Prescriptions for Fame in the History of Psychology

W. Scott Terry, Ph.D.
University of North Carolina at Charlotte


The present note describes a set of principles for becoming a famous psychologist. “Fame” in the present case does not simply mean literature citations, name recognition, or (these days) tenure. Rather, I am referring to a more enduring notoriety that will ensure one a place in future histories of psychology.

Most of us engage in various scholarly and professional endeavors, believing somehow these are traits of a good psychologist. As necessary as research and publication are to eventual success, these activities are not sufficient. After all, many are published but only a few are long remembered. This suggests some other qualities are also required The difficulty is in determining what those qualities are that do lead an individual to be long remembered by succeeding generations. Possibly developing major theories, or new conceptualizations of the human psyche, are the keys to fame. But these are all rather nebulous and vague prescriptions, and may not be useful in guiding our everyday behavior.

What is needed is a set of behavioral guidelines, explicitly stating the requirements for historical fame. One source for these potential qualities is to look at our historical past for some hints. The present approach, using correlational and case study methods, is to look for common features in the professional lives of the early psychologists described in typical History and Systems texts. The assumption made is that there are certain attributes they possessed in common which set these individuals apart from others of their time, and which assured their eventual inclusion in the various histories of psychology.

Below are listed the prescriptions that became apparent after reading several standard history of psychology sources (e.g., R.I. Watson’s Great Psychologists, the History of Psychology in Autobiography series, Hilgard’s American Psychology in Historical Perspective). The psychologists described in these books obviously had what it takes to become famous, and thus should represent a valid source of information. The consistencies observed in the past may serve as guidelines for the future. Thus, if the reader were to conform their life to the following rules, then eventual and lasting fame can virtually be assured. The dozen factors uncovered so far are as follows:

  1. Be a graduate student under Wundt. Many of Wundt’s students went on to become well-known figures, including Kulpe, Krapelin, Titchener, Spearman, and Cattell. At least five early APA presidents were Wundt Ph.D.’s, and a few others did postdoctoral work under him.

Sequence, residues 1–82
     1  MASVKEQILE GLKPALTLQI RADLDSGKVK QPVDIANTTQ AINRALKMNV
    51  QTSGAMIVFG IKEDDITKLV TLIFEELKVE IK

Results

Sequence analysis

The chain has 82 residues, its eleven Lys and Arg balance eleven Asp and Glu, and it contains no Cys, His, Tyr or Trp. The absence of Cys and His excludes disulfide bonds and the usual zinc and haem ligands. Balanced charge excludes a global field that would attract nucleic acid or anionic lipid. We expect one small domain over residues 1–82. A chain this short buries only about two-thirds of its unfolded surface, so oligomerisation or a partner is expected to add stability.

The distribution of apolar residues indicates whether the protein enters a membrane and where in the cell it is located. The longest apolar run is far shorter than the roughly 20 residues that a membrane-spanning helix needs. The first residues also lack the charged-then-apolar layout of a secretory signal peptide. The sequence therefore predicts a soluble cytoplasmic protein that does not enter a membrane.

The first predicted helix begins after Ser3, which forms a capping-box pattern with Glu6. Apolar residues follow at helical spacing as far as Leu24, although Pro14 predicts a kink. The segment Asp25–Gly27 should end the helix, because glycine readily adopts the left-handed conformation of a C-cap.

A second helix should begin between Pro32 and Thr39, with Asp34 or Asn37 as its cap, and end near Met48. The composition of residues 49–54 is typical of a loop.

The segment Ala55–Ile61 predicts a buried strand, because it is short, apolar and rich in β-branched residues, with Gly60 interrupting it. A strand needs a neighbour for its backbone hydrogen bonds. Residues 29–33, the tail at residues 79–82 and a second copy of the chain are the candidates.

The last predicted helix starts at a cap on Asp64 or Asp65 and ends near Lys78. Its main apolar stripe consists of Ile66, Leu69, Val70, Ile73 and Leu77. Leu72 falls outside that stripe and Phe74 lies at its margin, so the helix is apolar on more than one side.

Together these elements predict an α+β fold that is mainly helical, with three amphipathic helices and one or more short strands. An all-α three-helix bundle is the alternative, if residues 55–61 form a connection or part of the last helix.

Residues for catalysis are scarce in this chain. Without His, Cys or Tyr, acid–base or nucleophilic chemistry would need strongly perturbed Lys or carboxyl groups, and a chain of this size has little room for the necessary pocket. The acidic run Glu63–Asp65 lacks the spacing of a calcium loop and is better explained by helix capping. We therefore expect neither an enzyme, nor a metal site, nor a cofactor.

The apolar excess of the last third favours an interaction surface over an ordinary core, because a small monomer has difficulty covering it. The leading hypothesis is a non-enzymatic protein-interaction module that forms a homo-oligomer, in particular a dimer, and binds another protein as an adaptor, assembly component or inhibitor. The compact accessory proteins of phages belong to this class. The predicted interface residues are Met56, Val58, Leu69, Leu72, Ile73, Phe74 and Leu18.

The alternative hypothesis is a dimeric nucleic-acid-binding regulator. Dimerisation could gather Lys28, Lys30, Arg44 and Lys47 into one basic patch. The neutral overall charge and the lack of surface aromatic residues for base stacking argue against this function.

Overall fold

2. Don’t be a Wundt student. All of the psychologists described in History and Systems texts can be divided into two categories: those that were Wundt students, and those that were not.
  3. Read William James’ Principles of Psychology. The autobiographies of many great psychologists attest to their having read James as determining their choice of psychology as a career. Some early readers include Watson, Angel, Thorndike, Skinner, Hull, and even James himself. However, it is not clear whether the Principles contain valuable bits of information, or instead demonstrate the traits of stamina and perseverance.
  4. Have something named after you. The “something” could be almost anything related to Psychology, but this rule will especially serve to keep your name on the tips-of-the-tongues of succeeding generations of students. Examples of the things to bear your namesake include: psychological effects (e.g., Zeigarnik and von Restorff); illusions (remember Müller-Lyer? Necker? Ponzo?); laws (such as the Weber-Fechner, Jost, and Yerkes-Dodson laws); a piece of laboratory apparatus (the famed Skinner box, Lashley III maze, or the Dodge pendulum photochronograph); a mental test (Rorschach, WISC); a statistical test (Spearman’s rho or Pearson’s r).

Finally, one might consider getting a building named after yourself (like William James Hall at Harvard). This may work even better than any of the others mentioned above. After all, isn’t it more likely that someone will stumble over your name on a building than on a book in the building?